Osmolarity effects on bovine articular chondrocytes during three-dimensional culture in alginate beads.
Xu X., Urban JP., Tirlapur UK., Cui Z.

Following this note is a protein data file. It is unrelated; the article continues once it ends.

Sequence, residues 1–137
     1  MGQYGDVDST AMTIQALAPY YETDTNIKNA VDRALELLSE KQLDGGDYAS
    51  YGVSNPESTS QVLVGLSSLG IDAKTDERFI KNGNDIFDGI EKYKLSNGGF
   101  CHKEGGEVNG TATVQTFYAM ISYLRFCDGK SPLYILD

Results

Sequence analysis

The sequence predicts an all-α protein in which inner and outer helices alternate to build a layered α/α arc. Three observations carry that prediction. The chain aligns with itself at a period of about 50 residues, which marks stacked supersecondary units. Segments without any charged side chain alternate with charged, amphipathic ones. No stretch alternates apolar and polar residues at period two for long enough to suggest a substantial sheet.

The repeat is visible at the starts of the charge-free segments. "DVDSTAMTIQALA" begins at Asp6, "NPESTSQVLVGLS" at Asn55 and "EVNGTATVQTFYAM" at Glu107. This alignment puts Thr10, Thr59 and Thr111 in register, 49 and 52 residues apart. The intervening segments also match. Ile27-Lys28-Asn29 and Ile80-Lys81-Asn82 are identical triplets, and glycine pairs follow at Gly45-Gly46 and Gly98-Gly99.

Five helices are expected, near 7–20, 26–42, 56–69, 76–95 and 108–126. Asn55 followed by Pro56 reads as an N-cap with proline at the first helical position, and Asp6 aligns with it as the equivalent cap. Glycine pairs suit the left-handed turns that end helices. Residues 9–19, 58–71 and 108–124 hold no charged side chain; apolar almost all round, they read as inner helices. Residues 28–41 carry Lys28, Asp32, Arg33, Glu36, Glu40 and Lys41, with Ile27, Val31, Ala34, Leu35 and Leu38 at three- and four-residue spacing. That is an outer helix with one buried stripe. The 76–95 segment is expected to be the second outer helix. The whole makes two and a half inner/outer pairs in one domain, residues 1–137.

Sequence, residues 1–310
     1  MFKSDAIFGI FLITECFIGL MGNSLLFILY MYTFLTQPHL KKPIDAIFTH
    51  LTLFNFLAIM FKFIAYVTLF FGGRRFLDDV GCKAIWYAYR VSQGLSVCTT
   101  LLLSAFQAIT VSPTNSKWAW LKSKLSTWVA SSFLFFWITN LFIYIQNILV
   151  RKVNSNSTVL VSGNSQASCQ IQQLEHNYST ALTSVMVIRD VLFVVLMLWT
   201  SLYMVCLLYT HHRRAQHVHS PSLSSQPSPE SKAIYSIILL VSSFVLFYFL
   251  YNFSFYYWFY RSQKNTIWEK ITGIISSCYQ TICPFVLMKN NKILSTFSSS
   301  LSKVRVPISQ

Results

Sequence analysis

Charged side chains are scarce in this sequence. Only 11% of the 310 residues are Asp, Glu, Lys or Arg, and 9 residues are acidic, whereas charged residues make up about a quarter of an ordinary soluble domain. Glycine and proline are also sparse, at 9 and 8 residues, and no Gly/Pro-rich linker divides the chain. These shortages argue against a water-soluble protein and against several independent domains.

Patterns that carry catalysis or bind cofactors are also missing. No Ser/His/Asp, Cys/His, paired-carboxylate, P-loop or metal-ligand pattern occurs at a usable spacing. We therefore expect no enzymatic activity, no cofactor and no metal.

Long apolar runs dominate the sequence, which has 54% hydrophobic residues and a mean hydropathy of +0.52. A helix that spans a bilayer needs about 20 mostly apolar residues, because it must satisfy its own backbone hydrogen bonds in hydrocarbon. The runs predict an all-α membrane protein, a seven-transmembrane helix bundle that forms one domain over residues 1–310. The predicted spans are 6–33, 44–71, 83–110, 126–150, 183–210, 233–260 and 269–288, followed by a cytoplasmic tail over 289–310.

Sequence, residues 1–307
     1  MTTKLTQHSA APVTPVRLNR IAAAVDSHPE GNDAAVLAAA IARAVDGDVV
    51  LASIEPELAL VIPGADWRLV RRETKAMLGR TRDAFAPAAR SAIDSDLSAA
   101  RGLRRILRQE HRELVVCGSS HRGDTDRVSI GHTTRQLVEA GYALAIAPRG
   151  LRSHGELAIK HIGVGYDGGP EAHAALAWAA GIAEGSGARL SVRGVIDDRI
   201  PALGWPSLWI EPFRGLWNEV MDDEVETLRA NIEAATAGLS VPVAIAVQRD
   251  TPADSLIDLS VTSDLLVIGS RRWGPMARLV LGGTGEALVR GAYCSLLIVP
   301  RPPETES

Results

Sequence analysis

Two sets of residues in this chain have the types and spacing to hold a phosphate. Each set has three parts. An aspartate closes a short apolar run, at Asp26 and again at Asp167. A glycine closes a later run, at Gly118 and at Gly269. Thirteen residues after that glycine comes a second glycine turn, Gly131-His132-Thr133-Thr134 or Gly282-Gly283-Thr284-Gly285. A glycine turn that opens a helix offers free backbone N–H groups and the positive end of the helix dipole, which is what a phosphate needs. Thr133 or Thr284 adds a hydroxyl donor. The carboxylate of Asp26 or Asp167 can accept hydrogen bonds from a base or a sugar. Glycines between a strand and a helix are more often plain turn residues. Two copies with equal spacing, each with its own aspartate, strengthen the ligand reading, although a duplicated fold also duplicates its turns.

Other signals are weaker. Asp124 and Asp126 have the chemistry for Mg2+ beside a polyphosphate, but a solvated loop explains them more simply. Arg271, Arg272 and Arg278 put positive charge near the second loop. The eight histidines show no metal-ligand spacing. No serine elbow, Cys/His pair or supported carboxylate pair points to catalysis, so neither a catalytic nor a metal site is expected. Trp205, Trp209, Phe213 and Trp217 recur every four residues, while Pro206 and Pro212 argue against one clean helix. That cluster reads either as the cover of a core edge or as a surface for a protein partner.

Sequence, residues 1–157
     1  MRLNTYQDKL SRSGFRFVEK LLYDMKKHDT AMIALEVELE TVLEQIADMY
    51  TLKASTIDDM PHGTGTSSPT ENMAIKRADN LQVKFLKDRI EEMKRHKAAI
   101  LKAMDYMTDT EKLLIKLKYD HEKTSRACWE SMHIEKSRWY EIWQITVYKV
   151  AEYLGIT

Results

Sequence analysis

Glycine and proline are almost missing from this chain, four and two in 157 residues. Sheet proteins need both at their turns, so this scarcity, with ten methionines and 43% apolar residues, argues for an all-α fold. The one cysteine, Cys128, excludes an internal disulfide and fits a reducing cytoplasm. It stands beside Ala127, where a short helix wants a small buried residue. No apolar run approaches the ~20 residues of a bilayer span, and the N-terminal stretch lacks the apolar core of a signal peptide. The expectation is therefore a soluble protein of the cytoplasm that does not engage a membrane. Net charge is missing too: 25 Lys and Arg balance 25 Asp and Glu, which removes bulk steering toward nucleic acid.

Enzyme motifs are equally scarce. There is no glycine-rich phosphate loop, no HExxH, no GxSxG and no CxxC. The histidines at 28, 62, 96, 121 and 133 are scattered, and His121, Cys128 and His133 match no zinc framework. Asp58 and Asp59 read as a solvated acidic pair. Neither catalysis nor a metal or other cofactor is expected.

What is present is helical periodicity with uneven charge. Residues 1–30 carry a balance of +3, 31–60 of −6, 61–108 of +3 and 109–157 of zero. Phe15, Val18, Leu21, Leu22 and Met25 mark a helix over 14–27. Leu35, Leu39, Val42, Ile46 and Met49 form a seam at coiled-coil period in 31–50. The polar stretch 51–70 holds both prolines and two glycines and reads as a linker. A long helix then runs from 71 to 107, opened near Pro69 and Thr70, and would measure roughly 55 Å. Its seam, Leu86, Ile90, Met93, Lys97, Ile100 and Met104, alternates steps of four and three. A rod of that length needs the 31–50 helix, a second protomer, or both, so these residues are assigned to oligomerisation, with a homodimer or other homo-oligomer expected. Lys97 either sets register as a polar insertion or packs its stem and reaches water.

OBJECTIVE: With the development of engineered cartilage, the determination of the appropriate culture conditions is vital in order to maximize extracellular matrix synthesis. As osmolarity could affect the fate of chondrocytes, the purpose of this study was to determine the effects of osmolarity on chondrocytes during relatively long-term culture. DESIGN: Bovine articular chondrocytes were cultured in alginate beads in a biocarbonate free system at 280, 380 and 550 mOsm at pH 7.4 for up to 12 days, respectively. Cell volume, intracellular pH (pH(i)), cell number, glucosaminoglycan (GAG) and collagen retention were measured at day 5 and 12. Cell viability and volume were monitored over the 12 days of culture. RESULTS: By day 5 and 12, compared to the cell volume at 380 mOsm, around 20% (P<0.01) swelling and 15% (P<0.05) shrinkage were observed when the cells were cultured at 280 and 550 mOsm. The pH(i) over the 12 days of culture varied with osmolarity of the culture medium. In comparison with fresh cells, pH(i) became slightly more acidic by 0.15 pH units at 280 mOsm at day 5. However, by day 12, an alkalization of pH(i), by 0.2 pH units, was noted. A higher proliferation rate was seen at 280 mOsm than at other osmolarities while less GAG was produced. CONCLUSIONS: Chronic exposure to anisotonic conditions results in cell swelling at 280 mOsm and shrinkage at 550 mOsm. The osmolarity of 280 mOsm appears to encourage proliferation of chondrocytes, but inhibits matrix production.